Friday, December 6, 2013
By Leslie Bridgers email@example.com
Construction is under way to replace the bridge in Westbrook that got its 15 minutes of infamy last fall when President Obama cited its deterioration as an example of the nation's desperate infrastructure needs.
Reed & Reed construction workers build a temporary bridge across the Presumpscot River in Westbrook on Tuesday, a project that will allow traffic to flow while the old, adjacent bridge on Cumberland Street is replaced. The old bridge is to be replaced and ready for use by 2014.
John Patriquin/Staff Photographer
Workers from Reed & Reed, the contractor for the $5 million project, are erecting a temporary bridge next to the Cumberland Mills Bridge, which is to be replaced and ready for use by the spring of 2014.
Traffic is expected to shift to the temporary bridge in May, said Ben Condon, project manager for the Maine Department of Transportation.
The 58-year-old Cumberland Mills Bridge, which actually is two bridges that connect at an island in the Presumpscot River, serves 15,000 drivers daily.
Commuters were unexpectedly rerouted onto side streets one morning in October, after transportation workers found a 2-foot-by-3-foot hole in the deck of the bridge and closed it down for emergency repairs.
The next day, Obama mentioned the bridge at a White House news conference that he called to promote his jobs bill, which called for a large chunk of funding for infrastructure projects.
"In Maine, there is a bridge that is in such bad shape that pieces of it were literally falling off the other day," the president said. "And, meanwhile, we've got millions of laid-off construction workers who could right now be busy rebuilding roads, rebuilding bridges, rebuilding schools."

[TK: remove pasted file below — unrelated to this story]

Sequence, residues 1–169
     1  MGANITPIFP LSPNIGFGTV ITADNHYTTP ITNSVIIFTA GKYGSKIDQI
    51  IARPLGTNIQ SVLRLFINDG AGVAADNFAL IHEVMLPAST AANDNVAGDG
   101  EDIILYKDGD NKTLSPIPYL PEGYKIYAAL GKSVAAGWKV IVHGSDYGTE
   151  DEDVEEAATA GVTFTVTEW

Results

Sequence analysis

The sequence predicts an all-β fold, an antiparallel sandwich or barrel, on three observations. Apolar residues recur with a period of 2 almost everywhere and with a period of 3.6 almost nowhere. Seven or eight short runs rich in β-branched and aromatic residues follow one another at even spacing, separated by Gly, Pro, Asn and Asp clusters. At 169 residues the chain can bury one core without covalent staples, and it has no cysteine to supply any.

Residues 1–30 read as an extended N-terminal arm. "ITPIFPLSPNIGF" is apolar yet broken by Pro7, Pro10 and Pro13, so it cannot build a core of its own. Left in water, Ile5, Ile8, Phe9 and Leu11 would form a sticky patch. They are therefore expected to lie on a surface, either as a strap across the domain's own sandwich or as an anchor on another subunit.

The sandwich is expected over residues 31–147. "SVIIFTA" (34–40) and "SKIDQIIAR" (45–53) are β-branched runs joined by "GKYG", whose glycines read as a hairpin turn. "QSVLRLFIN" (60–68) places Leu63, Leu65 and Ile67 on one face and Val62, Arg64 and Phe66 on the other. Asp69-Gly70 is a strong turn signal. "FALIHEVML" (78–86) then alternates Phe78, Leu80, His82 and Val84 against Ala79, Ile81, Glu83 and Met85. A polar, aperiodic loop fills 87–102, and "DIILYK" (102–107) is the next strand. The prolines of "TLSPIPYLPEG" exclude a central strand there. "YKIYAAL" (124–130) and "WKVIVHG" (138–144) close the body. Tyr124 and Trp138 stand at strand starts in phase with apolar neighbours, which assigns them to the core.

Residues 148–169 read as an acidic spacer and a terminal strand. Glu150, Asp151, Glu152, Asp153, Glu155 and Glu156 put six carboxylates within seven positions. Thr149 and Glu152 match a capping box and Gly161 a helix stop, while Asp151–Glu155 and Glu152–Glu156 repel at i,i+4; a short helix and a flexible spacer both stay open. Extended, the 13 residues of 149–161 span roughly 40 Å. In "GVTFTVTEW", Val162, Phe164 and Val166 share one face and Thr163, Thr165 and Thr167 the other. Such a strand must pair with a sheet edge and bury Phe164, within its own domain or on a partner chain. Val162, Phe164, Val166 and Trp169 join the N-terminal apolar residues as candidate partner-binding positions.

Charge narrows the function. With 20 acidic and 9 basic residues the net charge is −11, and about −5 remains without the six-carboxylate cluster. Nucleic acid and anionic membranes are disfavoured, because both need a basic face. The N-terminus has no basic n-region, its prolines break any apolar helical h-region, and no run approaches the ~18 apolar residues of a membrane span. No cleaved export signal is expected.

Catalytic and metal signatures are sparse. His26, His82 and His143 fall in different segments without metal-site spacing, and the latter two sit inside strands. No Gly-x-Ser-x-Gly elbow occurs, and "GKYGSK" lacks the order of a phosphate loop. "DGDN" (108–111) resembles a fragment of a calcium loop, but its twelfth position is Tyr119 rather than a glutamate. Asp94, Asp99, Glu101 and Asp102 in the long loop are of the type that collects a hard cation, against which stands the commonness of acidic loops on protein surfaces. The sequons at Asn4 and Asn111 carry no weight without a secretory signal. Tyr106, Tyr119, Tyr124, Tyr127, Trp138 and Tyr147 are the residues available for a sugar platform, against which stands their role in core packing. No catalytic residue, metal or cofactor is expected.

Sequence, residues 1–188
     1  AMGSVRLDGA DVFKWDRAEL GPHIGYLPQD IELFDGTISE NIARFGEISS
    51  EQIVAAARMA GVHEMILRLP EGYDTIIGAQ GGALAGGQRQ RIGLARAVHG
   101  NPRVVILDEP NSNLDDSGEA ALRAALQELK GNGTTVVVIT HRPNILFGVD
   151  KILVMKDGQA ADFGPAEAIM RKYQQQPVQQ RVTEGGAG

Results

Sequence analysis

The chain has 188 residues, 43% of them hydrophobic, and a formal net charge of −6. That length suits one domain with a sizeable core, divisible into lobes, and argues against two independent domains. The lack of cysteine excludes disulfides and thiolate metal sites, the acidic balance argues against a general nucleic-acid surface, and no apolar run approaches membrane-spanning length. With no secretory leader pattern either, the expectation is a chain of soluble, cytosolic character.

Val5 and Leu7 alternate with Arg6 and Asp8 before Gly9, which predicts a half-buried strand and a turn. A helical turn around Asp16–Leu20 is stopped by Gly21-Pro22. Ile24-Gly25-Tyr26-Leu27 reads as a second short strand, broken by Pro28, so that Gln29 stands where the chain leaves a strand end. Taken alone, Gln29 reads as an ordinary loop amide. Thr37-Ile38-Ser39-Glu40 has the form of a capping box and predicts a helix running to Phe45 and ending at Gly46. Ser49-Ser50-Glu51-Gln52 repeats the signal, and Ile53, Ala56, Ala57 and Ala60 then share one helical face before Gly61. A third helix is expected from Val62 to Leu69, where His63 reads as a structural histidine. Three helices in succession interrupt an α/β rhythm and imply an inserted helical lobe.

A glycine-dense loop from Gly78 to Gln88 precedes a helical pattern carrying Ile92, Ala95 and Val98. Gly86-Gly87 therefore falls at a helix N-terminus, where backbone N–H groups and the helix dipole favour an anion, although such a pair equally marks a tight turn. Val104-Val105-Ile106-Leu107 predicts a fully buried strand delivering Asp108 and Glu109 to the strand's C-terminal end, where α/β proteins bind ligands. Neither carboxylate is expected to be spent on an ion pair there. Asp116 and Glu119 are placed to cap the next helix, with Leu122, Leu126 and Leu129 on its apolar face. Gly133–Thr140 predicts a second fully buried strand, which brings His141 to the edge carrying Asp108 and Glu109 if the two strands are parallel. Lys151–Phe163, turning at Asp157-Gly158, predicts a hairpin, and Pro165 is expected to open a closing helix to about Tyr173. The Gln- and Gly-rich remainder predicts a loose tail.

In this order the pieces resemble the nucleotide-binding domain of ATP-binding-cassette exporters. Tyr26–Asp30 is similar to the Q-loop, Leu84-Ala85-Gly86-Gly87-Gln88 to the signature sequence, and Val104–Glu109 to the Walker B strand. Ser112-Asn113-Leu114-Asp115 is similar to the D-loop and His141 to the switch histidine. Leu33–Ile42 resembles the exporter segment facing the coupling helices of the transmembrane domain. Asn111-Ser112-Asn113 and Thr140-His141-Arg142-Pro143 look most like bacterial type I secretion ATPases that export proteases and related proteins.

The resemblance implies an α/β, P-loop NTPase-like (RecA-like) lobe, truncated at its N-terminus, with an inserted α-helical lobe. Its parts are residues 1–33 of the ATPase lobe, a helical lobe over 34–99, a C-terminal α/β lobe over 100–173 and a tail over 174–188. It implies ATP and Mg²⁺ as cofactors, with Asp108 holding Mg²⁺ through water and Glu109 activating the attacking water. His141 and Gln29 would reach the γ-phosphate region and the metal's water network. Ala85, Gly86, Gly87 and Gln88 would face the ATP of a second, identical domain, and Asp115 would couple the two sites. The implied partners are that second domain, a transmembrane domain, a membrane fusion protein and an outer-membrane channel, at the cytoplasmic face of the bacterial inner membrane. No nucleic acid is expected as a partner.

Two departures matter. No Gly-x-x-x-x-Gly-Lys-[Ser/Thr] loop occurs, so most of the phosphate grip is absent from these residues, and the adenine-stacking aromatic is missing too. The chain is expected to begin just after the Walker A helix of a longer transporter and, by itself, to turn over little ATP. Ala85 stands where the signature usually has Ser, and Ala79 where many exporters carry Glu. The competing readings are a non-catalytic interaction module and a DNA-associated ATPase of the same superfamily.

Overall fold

Condon said the Department of Transportation had planned to start seeking bids on the project in November, but pushed its schedule up several weeks because of the sudden deterioration.
Aside from the portion that was fixed, "the rest of the deck is in terrible condition," Condon said of the 80-foot-long bridge.
"That's not to say it's not drivable and not safe," he added.
The bridge replacement is a necessary evil for Scott Balfour, owner of The Elms Bed & Breakfast, a seven-bedroom inn near the west end of the bridge.
Balfour said he recently canceled a reservation made by guests from Europe, because he knew the construction site in his yard wouldn't live up to Maine's reputation for natural beauty.
Balfour said he expects the two-year project to have a "major impact" on his business, which is busiest from June to November, when guests stop in Westbrook on their way to Acadia National Park or drive down from Bangor to spend a night in Portland.
Still, he recognizes there isn't a better alternative.
"Having the bridge fall apart and close unexpectedly would certainly be bad for business also," Balfour said.
Staff Writer Leslie Bridgers can be contacted at 791-6364 or at: firstname.lastname@example.org